• 2.
    Iglesia, I.
    et al.
    Univ Zaragoza, Inst Invest Sanitaria Aragon IIS, Growth Exercise Nutr & Dev GENUD Res Grp, IA2, E-50009 Zaragoza, Spain.;Inst Salud Carlos III, Red Salud Maternoinfantil Desarrollo SAMID, C Monforte de Lemos 3-5,Pabellon 11,Planta 0, Madrid 28029, Spain..
    Huybrechts, I.
    Univ Ghent, Univ Hosp, Dept Publ Hlth, De Pintelaan 185,Entrance 42,Bldg K3,4th Floor, B-9000 Ghent, Belgium.;IARC, 150 Cours Albert Thomas, F-69372 Lyon 08, France..
    Gonzalez-Gross, M.
    Univ Politecn Madrid, Dept Hlth & Human Performance, ImFINE Res Grp, C Martin Fierro 7, E-28040 Madrid, Spain.;Inst Salud Carlos III, Ctr Invest Biomed Red Fisiopatol Obesidad & Nutr, C Monforte de Lemos 3-5,Pabellon 11,Planta 0, Madrid 28029, Spain..
    Mouratidou, T.
    Univ Zaragoza, Inst Invest Sanitaria Aragon IIS, Growth Exercise Nutr & Dev GENUD Res Grp, IA2, E-50009 Zaragoza, Spain..
    Santabarbara, J.
    Univ Zaragoza, Dept Prevent Med & Publ Hlth, E-50009 Zaragoza, Spain..
    Chajes, V.
    IARC, 150 Cours Albert Thomas, F-69372 Lyon 08, France..
    Gonzalez-Gil, E. M.
    Univ Zaragoza, Inst Invest Sanitaria Aragon IIS, Growth Exercise Nutr & Dev GENUD Res Grp, IA2, E-50009 Zaragoza, Spain.;Inst Salud Carlos III, Ctr Invest Biomed Red Fisiopatol Obesidad & Nutr, C Monforte de Lemos 3-5,Pabellon 11,Planta 0, Madrid 28029, Spain..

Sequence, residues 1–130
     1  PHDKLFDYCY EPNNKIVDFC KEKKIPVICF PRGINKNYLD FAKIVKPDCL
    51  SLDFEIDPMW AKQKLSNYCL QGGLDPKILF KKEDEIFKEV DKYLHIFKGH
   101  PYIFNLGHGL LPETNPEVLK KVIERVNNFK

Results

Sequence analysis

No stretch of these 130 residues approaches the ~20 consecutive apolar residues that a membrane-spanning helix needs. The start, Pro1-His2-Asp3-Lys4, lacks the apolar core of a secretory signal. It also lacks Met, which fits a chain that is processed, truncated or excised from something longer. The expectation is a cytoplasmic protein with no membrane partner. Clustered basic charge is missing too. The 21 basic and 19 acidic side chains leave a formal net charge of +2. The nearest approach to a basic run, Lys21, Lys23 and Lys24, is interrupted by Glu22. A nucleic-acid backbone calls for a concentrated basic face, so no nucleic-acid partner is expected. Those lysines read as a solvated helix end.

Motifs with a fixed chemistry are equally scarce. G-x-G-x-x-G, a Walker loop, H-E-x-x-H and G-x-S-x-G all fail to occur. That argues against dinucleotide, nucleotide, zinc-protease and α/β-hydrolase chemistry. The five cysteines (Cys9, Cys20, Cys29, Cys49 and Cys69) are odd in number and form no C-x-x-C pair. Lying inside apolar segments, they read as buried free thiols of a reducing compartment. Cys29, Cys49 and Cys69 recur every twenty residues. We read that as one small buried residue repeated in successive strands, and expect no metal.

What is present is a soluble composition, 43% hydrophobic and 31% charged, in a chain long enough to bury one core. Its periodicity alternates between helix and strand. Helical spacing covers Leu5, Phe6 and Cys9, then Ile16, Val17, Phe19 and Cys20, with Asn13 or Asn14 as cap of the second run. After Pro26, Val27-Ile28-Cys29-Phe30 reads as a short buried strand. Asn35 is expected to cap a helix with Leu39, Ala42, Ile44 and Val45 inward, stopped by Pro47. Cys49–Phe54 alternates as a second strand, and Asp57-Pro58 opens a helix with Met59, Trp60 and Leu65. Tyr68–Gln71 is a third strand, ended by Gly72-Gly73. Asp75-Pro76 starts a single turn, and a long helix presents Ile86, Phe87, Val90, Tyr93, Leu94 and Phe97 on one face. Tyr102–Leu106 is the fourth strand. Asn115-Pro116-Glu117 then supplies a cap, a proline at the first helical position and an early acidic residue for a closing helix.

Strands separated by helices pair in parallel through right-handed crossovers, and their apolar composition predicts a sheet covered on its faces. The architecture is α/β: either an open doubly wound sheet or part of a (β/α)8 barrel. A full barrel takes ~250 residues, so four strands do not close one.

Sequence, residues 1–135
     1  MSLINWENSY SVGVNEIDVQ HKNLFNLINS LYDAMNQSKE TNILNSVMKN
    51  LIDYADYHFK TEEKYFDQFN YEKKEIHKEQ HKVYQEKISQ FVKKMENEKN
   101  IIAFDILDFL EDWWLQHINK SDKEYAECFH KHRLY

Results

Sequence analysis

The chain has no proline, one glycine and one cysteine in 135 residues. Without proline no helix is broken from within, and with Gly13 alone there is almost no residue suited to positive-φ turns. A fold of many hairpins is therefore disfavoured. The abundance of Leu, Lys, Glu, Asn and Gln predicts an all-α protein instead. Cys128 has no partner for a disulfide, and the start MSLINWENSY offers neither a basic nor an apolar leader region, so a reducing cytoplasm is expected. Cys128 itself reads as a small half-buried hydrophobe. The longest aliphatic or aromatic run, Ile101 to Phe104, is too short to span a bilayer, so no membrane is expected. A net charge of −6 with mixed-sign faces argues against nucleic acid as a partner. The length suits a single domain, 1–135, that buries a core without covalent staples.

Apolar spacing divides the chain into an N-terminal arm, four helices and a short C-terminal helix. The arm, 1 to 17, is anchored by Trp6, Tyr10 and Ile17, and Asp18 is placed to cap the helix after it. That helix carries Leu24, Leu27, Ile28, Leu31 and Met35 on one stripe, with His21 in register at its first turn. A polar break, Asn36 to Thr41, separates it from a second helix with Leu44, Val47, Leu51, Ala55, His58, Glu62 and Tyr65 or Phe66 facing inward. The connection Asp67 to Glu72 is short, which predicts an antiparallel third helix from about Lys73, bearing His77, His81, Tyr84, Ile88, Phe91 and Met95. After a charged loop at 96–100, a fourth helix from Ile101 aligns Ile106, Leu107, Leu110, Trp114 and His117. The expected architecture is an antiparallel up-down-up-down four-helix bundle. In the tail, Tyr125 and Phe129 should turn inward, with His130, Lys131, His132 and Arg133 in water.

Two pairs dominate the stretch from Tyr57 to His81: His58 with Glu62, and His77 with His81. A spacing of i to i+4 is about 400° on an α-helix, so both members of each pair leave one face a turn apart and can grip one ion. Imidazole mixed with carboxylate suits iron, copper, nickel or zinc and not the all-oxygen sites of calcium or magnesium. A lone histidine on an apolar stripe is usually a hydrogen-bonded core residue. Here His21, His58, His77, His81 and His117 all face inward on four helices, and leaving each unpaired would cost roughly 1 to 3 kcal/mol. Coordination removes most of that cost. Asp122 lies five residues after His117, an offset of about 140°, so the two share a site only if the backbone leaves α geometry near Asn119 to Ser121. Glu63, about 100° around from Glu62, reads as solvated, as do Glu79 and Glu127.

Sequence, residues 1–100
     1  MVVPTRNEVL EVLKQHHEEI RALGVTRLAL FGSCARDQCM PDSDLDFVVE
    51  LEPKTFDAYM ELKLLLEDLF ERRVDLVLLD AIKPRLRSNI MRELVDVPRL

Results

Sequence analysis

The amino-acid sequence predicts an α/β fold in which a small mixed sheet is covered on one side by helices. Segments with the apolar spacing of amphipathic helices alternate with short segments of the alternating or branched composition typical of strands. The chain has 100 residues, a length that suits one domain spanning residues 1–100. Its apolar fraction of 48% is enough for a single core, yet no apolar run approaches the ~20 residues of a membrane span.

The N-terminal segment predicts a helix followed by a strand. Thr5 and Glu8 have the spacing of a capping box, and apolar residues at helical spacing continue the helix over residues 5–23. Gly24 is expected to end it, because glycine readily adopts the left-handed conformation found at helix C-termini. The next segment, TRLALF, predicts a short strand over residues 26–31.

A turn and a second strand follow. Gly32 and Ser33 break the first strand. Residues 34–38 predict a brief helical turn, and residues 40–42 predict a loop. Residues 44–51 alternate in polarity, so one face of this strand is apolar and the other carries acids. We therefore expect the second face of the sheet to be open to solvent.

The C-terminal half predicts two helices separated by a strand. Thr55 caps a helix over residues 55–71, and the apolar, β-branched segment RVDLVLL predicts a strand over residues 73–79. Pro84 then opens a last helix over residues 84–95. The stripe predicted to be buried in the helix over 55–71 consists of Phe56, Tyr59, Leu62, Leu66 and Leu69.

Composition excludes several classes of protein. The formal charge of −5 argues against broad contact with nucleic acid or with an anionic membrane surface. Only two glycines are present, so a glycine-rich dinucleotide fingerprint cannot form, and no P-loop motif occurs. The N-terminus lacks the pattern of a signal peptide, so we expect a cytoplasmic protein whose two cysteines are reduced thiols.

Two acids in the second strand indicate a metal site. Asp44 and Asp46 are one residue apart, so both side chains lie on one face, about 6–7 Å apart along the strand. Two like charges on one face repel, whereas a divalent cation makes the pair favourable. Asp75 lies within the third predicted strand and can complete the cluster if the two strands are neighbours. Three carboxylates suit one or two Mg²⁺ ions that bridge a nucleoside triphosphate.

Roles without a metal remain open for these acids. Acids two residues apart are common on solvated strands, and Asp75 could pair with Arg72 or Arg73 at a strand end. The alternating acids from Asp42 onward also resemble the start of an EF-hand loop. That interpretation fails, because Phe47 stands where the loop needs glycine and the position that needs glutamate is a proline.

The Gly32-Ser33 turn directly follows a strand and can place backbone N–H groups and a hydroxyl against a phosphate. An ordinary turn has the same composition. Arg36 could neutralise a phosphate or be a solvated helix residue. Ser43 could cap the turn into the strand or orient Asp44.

Park, J. Y.
    IARC, 150 Cours Albert Thomas, F-69372 Lyon 08, France..
    Bel-Serrat, S.
    Univ Zaragoza, Inst Invest Sanitaria Aragon IIS, Growth Exercise Nutr & Dev GENUD Res Grp, IA2, E-50009 Zaragoza, Spain..
    Cuenca-Garcia, M.
    Univ Granada, Sch Med, Dept Physiol, Ave Madrid 11, Granada 18012, Spain.;Univ Cadiz, Fac Educ Sci, Dept Educ Phys, Ave Republ Saharaui Sn, Cadiz 11519, Spain..
    Castillo, M.
    Univ Granada, Sch Med, Dept Physiol, Ave Madrid 11, Granada 18012, Spain..
    Kersting, M.
    Ruhr Univ Bochum, Pediat Univ Clin, Res Inst Child Nutr Dortmund, Heinstuck 11, D-44225 Dortmund, Germany..
    Widhalm, K.
    Med Univ Vienna, Div Clin Nutr & Prevent, Dept Pediat, A-1090 Vienna, Austria..
    De Henauw, S.
    Univ Ghent, Univ Hosp, Dept Publ Hlth, De Pintelaan 185,Entrance 42,Bldg K3,4th Floor, B-9000 Ghent, Belgium..
    Sjöström, M.
    Mälardalen University, School of Health, Care and Social Welfare, Health and Welfare. Karolinska Inst, Div Social Med, Dept Publ Hlth Sci, Level 3, S-17176 Stockholm, Sweden.;Karolinska Inst, Dept Biosci & Nutr, Unit Prevent Nutr, SE-14183 Huddinge, Sweden..
    Gottrand, F.
    Univ Lille 2, Fac Med, Inserm U995, F-59045 Lille, France..
    Molnar, D.
    Univ Pecs, Dept Paediat, Szigeti Str 12, H-7624 Pecs, Hungary..
    Manios, Y.
    Harokopio Univ, Dept Nutr & Dietet, E Venizelou 70, Reece 17671, Kallithea Athen, Greece..
    Kafatos, A.
    Univ Crete, Sch Med, GR-71033 Iraklion, Greece..
    Ferrari, M.
    CREA Council Agr Res & Econ, Res Ctr Food & Nutr, Via Ardeatina 546, I-00178 Rome, Italy..
    Stehle, P.
    Univ Bonn, Dept Nutr & Food Sci, D-53115 Bonn, Germany..
    Marcos, A.
    CSIC, Spanish Natl Res Council, Inst Food Sci Technol & Nutr ICTAN, Immunonutr Res Grp,Dept Metab & Nutr, E-28040 Madrid, Spain..
    Sanchez-Muniz, F. J.